The author's youthfulness helps to assure the inevitable comparison with the Anne Frank diary although over and above the sphere of suffering shared, and in this case extended to the death march itself, there is no spiritual or emotional legacy here to offset any reader reluctance.

Pub Date: Jan. 16, 2006

ISBN: 0374500010

Page Count: 120

Publisher: Hill & Wang

Review Posted Online: Oct. 7, 2011

Kirkus Reviews Issue: Jan. 15, 2006

Did you like this book?

Thus the second most costly war in American history, whose “outcome seemed little short of a miracle.” A sterling account.


A master storyteller’s character-driven account of a storied year in the American Revolution.

Against world systems, economic determinist and other external-cause schools of historical thought, McCullough (John Adams, 2001, etc.) has an old-fashioned fondness for the great- (and not-so-great) man tradition, which may not have much explanatory power but almost always yields better-written books. McCullough opens with a courteous nod to the customary villain in the story of American independence, George III, who turns out to be a pleasant and artistically inclined fellow who relied on poor advice; his Westmoreland, for instance, was a British general named Grant who boasted that with 5,000 soldiers he “could march from one end of the American continent to the other.” Other British officers agitated for peace, even as George wondered why Americans would not understand that to be a British subject was to be free by definition. Against these men stood arrayed a rebel army that was, at the least, unimpressive; McCullough observes that New Englanders, for instance, considered washing clothes to be women’s work and so wore filthy clothes until they rotted, with the result that Burgoyne and company had a point in thinking the Continentals a bunch of ragamuffins. The Americans’ military fortunes were none too good for much of 1776, the year of the Declaration; at the slowly unfolding battle for control over New York, George Washington was moved to despair at the sight of sometimes drunk soldiers running from the enemy and of their officers “who, instead of attending to their duty, had stood gazing like bumpkins” at the spectacle. For a man such as Washington, to be a laughingstock was the supreme insult, but the British were driven by other motives than to irritate the general—not least of them reluctance to give up a rich, fertile and beautiful land that, McCullough notes, was providing the world’s highest standard of living in 1776.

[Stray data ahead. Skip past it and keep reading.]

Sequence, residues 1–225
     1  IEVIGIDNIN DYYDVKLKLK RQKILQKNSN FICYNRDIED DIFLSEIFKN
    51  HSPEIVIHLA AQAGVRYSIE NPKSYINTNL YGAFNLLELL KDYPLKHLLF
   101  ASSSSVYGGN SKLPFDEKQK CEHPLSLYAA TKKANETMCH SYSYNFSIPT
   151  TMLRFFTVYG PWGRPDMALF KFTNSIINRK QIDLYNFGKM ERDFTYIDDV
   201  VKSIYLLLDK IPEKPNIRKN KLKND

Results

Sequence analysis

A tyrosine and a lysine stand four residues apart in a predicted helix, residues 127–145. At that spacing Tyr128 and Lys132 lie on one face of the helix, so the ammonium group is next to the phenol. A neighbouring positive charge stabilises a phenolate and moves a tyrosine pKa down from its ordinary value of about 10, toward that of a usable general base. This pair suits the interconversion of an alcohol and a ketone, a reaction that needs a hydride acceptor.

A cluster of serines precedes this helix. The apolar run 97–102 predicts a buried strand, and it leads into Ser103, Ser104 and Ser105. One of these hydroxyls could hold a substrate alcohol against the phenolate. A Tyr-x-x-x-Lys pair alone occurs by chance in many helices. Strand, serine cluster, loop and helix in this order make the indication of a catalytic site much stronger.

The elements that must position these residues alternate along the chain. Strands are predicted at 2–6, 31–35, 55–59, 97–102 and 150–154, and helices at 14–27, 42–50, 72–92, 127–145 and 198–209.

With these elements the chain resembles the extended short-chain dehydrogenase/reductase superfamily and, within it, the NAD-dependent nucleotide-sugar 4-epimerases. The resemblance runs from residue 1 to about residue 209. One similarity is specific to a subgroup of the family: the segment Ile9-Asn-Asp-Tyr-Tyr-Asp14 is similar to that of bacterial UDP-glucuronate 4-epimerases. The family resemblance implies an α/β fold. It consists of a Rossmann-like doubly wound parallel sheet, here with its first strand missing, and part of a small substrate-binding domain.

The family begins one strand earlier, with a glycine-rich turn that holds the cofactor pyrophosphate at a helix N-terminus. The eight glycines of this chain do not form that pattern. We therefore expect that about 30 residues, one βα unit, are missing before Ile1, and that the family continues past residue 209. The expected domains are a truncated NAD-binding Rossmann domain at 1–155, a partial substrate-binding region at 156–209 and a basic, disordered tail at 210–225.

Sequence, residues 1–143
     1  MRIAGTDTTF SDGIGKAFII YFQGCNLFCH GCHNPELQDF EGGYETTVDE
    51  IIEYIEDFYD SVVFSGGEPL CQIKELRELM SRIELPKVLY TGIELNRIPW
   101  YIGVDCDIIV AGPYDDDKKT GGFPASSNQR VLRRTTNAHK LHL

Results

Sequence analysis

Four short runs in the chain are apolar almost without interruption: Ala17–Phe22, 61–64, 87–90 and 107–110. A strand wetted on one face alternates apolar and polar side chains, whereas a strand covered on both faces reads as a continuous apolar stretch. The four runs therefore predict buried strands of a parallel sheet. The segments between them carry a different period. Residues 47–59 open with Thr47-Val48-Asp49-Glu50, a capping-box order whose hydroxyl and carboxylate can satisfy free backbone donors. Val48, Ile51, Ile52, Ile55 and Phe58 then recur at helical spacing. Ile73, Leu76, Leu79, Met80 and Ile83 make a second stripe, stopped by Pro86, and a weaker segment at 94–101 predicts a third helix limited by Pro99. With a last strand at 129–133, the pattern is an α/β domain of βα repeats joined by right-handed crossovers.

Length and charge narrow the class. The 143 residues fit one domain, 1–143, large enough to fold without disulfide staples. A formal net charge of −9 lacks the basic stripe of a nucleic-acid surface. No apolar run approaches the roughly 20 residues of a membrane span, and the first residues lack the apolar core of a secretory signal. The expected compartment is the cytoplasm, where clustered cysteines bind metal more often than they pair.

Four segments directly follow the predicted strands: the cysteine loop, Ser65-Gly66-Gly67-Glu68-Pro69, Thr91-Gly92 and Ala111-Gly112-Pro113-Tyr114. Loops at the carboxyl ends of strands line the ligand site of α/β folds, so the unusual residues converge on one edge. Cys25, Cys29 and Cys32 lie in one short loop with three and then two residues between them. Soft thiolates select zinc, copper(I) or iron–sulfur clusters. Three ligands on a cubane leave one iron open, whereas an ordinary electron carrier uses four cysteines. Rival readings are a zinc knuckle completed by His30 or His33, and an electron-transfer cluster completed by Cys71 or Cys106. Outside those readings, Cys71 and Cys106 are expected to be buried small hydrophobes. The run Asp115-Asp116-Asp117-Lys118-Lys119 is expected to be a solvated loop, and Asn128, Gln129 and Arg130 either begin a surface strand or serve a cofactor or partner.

Thus the second most costly war in American history, whose “outcome seemed little short of a miracle.” A sterling account.

Pub Date: June 1, 2005

ISBN: 0-7432-2671-2

Page Count: 656

Publisher: Simon & Schuster

Review Posted Online: May 19, 2010

Kirkus Reviews Issue: April 1, 2005

Did you like this book?